Movie •••• Picture/Sound •••• Extras ••••
The first thing I noticed after picking up this two-disc set was that there are no commentaries. None. Odd, since director Peter Jackson usually enjoys rewarding fans with a wealth of background information on the production of his latest epic. Thinking back on his track record with the Lord of the Rings trilogy on DVD, I can only assume that a gargantuan four-disc set is in the works, with an extended cut and hours upon hours of commentaries and added documentaries.

Of course, the theatrical cut of King Kong itself is more than three hours long, and it's (barely) contained on Disc 1 here - along with a 90-second clip for a car commercial that borrows footage for some unimaginative dopiness. As Jackson seems to be saying in the film, "It's not beauty that killed the beast. It's rabid commercial exploitation."

Since King Kong was made by Jackson with much of his merry, multi-Oscar-winning band of filmmakers from the Rings trilogy (now armed with a budget of $207 million!), I expected the highest technical standards in all areas of the movie and the DVD. I wasn't disappointed. Right from the introductory, whirlwind-paced montage of New York in the 1930s, you can tell that we're in for a visual feast. This sequence covers all kinds of locations with extremely different lighting, from back-alley breweries to stage performances to brilliant panoramic shots of the city from high above. All of these iconic images are sharp and bright, with no visible problems. There's plentiful detail, too, so that even in the backgrounds you can read street signs and almost feel the texture of walls. Faces reveal wrinkles and individual stubbles of hair - and because the contrast is also excellent, these close-ups have that roundness you get from a very wide gradation of tones.

Throughout the film, whites are shining, but since most shots are tinted, all I can say about the blacks is that they're probably deeply black under all that yellow and green-blue. Turquoise, it seems, is today's sepia, and its overuse in modern blockbusters has gotten real tired real fast. Just because computer editing allows filmmakers to alter color with ease doesn't mean they should do so with every shot. (And how is the same tint supposed to evoke the 1930s and Mordor?) Anyway, despite those tonal casts, objects are solid, with surprisingly rich, distinct colors that don't bleed. And except for one brontosaurus stampede, the effects are convincing.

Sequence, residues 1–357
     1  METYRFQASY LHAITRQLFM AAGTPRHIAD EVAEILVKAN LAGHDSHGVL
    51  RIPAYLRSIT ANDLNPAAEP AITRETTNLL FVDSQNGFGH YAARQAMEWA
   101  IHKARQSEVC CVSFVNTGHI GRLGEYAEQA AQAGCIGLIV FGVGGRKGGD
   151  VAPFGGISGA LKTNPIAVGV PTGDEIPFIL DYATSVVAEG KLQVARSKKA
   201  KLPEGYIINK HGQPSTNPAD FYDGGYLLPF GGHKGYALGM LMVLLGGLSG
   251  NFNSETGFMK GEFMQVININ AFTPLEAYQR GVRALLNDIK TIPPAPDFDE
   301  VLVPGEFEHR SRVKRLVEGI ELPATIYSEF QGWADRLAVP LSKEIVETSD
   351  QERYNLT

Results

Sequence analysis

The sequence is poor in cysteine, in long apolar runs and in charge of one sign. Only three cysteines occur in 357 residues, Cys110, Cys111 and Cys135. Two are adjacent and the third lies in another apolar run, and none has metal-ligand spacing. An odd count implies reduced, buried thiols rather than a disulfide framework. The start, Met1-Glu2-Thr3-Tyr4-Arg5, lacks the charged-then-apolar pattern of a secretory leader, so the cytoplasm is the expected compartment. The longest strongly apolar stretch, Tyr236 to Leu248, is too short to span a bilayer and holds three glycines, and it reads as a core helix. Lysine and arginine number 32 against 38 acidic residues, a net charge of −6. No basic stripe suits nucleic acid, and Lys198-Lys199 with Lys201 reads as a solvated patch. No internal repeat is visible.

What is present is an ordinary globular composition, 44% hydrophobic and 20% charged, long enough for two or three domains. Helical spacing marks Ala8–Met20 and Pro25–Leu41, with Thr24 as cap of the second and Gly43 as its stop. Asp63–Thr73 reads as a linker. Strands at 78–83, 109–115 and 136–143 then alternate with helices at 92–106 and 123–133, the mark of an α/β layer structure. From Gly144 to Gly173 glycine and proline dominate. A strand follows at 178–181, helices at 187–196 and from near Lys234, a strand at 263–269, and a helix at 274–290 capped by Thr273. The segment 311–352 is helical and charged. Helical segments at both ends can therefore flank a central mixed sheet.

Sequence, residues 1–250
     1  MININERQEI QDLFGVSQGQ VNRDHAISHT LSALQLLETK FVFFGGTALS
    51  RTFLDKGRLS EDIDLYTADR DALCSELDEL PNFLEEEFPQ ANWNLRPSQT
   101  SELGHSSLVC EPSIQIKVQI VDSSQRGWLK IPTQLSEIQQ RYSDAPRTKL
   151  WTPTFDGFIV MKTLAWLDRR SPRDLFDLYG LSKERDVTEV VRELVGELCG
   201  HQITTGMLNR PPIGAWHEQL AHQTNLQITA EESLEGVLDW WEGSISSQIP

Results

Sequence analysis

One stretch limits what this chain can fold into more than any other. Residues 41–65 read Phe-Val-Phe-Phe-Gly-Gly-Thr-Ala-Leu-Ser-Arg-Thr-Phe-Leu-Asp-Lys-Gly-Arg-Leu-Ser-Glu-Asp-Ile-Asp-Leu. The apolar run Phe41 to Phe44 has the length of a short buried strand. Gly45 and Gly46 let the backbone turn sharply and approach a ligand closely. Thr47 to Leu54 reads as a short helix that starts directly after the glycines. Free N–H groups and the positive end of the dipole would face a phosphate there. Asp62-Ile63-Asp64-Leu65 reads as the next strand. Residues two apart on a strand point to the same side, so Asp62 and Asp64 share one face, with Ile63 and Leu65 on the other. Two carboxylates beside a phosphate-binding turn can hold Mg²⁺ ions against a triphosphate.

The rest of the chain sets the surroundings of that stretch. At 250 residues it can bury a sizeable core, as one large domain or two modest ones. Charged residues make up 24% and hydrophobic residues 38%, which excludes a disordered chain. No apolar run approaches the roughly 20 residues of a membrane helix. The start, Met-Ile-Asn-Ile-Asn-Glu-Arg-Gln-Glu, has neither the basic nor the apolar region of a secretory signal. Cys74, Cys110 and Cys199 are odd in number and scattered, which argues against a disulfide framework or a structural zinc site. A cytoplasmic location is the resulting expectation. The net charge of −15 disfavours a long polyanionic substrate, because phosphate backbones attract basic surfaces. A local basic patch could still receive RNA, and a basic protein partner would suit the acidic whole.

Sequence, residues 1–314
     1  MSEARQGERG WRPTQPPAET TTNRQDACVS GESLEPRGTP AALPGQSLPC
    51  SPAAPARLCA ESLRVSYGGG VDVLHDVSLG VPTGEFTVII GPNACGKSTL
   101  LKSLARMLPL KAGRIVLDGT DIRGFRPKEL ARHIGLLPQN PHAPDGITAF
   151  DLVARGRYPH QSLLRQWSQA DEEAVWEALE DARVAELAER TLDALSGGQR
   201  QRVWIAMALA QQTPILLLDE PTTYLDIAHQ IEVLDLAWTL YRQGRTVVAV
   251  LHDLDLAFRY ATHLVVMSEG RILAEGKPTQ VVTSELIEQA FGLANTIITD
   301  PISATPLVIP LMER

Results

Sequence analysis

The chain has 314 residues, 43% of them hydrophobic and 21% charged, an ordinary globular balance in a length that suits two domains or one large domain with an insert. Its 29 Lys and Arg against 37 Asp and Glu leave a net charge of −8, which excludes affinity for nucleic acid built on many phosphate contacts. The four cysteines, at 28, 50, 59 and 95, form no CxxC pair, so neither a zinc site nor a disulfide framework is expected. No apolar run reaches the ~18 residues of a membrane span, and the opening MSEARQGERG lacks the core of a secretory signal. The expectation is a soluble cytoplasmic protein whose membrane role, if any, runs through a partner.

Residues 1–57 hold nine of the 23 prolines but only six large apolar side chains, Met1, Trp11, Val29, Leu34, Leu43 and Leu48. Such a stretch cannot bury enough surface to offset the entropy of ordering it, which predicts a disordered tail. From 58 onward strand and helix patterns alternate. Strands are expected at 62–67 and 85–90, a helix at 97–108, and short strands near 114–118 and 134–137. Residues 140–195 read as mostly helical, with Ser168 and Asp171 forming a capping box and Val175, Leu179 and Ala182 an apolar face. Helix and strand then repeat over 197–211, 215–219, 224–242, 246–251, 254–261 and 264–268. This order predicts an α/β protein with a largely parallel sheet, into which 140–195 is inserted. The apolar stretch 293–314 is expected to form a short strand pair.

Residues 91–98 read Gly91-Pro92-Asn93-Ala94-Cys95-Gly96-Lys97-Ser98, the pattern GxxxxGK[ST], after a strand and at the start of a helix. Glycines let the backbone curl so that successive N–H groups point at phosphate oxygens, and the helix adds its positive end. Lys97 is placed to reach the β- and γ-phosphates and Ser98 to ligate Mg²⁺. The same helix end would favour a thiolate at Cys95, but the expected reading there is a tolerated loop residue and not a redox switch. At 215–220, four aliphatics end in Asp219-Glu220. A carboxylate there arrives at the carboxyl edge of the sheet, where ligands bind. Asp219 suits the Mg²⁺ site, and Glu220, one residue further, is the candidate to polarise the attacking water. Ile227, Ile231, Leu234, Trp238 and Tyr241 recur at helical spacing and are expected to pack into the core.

The sound is also exceedingly crisp. For the first part of the movie, it's mostly in the front channels. Once Skull Island is sighted, though - signaled by a sudden, unexpected foghorn from the rear - the creepy atmospherics rush in all around you. James Newton Howard's brooding score swirls like the mist that fills the screen, while the sound of surf crashing on deadly cliffs threatens from every corner. This whole ship-tossing sequence in Chapter 22 is a great surround-system demo, and it looks damn good, too.

Another impressive sequence is in Chapter 26, "The Sacrifice." It's Kong's big entrance, and his approach is announced by the sound of cracking trees coming ever closer from behind you. Fire streams from the watchtowers around the great wall, heightening the immersive experience. And like all the other scenes featuring Kong, this one is emotionally involving because of the performance of Andy Serkis as the big ape - a portrayal as brilliant as his Gollum in the Rings trilogy. At times he makes Kong look like Sgt. Rock, at others like Yul Brynner in The King and I.

The main extra is a 2.5-hour documentary that focuses on the 33 weeks of postproduction (the production itself having been covered in the Peter Jackson Diaries DVD set released in December). The director leads us from his favorite editing-room couch to the various film units, including digital effects, miniatures, and sound. My favorite section, on motion capture, shows how Serkis - via a reflecting suit, multiple cameras, and computer processing - is transformed into the final 25-foot ape. One nice touch in the documentary is that Jackson answers questions submitted by fans online.

Also included is a fun, 20-minute featurette on Skull Island in the form of a tabloid TV mockumentary about this great mystery. Better yet is an informative half hour on Depression-era New York, telling of the hundreds of thousands of people who lived in a shanty-town in Central Park and the inspiring construction of the Empire State Building. It all helps make this DVD one that should be on Top 10 lists for all-around excellence - until the four-disc set (or the HD DVD) arrives. [PG-13] English, Dolby Digital 5.1; letterboxed (2.35:1) and anamorphic widescreen; two dual-layer discs.

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